Opportunity For Parallelization
There is a lot of room for parallelization here from the offset, over the faces, edges and vertices. As we subdivide further, the opportunity for parallelism increases further, as we add 4 new faces/edge on each level (exponential increase in number of face/edges), along with a considerable number of vertices. These portions of the algorithm are essentially data-parallel.
A GPU seems to be an excellent platform for performing these computations, owing to the scope of parallelism and the sheer size of the data set. For instance, a standard mesh, like bigguy, has ~1000 faces/edges/vertices initially. After a few iterations, these numbers increase to over 100,000. A GPU has the resources to handle this immense data-set.
That being said, there is a substantial amount of data that we need to obtain to compute the new values. Specifically, we need to be able to perform queries like:
a) Given a vertex, get all its neighbors
b) Given a vertex, get all the adjacent faces
c) Given an edge, get all its adjacent faces
However, we can't use complex data-structures, such as STL maps, since these data-structures aren't very performant on a GPU, owing to their complexity and size. We need something much simpler, preferably arrays.
Challenges For Parallelization
There are several parts of this process which make parallelization not as straightforward as it seems.
First, there is some need for synchronization. Updating old vertices requires some newly-generated face point and edge point positions to be added to those of the old vertices. Done in parallel, multiple faces, or multiple edges, might attempt to add to the same old vertex, which can lead to race conditions unless the addition is done atomically.
Second, SIMD divergence is an issue here. Adjacent vertices in our arrays are not necessarily adjacent in the image, and adjacent vertices in the image can be stored in very different locations in our arrays. We may not subdivide some faces/vertices/edges at all, and they may be in the same blocks as many that will be subdivided. In other words, the threads in a CUDA block may do a varying amount of work and access random locations in memory.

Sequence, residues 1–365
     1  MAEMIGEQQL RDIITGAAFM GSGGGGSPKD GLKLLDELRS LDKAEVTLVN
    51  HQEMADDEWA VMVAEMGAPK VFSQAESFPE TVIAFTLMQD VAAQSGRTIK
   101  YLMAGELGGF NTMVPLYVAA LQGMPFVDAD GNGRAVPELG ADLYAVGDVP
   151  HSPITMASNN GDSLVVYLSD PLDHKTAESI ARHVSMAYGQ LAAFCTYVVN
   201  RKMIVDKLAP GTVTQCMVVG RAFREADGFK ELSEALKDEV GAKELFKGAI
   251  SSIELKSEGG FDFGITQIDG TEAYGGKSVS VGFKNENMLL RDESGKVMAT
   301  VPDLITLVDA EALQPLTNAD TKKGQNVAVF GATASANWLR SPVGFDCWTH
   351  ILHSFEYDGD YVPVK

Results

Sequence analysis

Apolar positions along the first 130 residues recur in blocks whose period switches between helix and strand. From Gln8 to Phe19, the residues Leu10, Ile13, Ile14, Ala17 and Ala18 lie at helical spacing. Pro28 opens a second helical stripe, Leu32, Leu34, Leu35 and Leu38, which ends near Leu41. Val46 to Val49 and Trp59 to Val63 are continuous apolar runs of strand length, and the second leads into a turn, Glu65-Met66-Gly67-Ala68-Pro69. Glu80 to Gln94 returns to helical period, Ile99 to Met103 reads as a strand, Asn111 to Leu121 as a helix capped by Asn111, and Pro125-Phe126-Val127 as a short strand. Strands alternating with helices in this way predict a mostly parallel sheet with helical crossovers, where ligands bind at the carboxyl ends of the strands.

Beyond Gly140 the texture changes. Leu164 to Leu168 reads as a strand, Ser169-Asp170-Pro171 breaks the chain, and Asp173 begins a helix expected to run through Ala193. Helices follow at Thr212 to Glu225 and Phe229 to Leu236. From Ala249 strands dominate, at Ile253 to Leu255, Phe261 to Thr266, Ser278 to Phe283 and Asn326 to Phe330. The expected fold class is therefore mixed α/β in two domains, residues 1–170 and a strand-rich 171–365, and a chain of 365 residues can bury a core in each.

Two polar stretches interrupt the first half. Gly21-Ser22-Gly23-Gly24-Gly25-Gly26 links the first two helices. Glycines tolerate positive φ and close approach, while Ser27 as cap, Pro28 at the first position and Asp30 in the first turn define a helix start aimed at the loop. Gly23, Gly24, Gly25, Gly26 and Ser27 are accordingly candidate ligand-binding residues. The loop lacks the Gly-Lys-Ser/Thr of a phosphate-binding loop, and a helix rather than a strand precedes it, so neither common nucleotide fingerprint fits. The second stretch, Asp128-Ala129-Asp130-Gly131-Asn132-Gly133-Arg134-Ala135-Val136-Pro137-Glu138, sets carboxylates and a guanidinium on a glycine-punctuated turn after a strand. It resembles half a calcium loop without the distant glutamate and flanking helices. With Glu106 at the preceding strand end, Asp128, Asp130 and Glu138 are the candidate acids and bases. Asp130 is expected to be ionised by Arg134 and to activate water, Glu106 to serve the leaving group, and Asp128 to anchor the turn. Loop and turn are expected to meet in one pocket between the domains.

The number of faces, edges and vertices increase exponentially with subdivision depth, increasing the amount of memory storage. As a result, an increasing number of operations need to be performed on the mesh, which can be computationally expensive.
From a user's perspective, there is a small fraction of the faces/edges/vertices that are visible at a time. At least 50% of the faces are on the back-facing side of the mesh and aren't visible. Additionally, if the user zooms in on a region in the mesh, there would be even fewer visible faces. Thus it would be far more efficient to only subdivide the faces that are actually displayed on the screen.
This motivates an approach for view-adaptivity, which involves determining which parts of the image are actually in the camera's view and then performing subdivision only on those parts. As can be seen in the diagram below, the right side of the mesh is facing away from the camera and not in view, and thus does not need to be subdivided – we can keep it as it is unless the user rotates the view. View-adaptivity involves both filtering out parts of the image that are not on-screen because of zooming, and back-face culling, filtering out the back side of the image that is facing away from the camera.